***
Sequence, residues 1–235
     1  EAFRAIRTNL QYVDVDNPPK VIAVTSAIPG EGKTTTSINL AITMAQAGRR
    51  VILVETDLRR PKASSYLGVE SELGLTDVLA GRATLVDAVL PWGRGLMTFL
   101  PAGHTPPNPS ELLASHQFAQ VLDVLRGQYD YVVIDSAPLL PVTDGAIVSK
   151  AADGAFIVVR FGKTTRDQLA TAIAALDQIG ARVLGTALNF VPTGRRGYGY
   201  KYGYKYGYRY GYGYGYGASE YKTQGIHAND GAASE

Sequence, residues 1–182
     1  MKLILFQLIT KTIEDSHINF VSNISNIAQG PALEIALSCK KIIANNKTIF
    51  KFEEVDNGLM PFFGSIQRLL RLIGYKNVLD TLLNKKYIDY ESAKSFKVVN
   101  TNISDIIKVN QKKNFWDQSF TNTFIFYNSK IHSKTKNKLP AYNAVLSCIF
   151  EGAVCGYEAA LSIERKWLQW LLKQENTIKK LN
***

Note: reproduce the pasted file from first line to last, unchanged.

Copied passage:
Sequence, residues 1–235
     1  EAFRAIRTNL QYVDVDNPPK VIAVTSAIPG EGKTTTSINL AITMAQAGRR
    51  VILVETDLRR PKASSYLGVE SELGLTDVLA GRATLVDAVL PWGRGLMTFL
   101  PAGHTPPNPS ELLASHQFAQ VLDVLRGQYD YVVIDSAPLL PVTDGAIVSK
   151  AADGAFIVVR FGKTTRDQLA TAIAALDQIG ARVLGTALNF VPTGRRGYGY
   201  KYGYKYGYRY GYGYGYGASE YKTQGIHAND GAASE

Sequence, residues 1–182
     1  MKLILFQLIT KTIEDSHINF VSNISNIAQG PALEIALSCK KIIANNKTIF
    51  KFEEVDNGLM PFFGSIQRLL RLIGYKNVLD TLLNKKYIDY ESAKSFKVVN
   101  TNISDIIKVN QKKNFWDQSF TNTFIFYNSK IHSKTKNKLP AYNAVLSCIF
   151  EGAVCGYEAA LSIERKWLQW LLKQENTIKK LN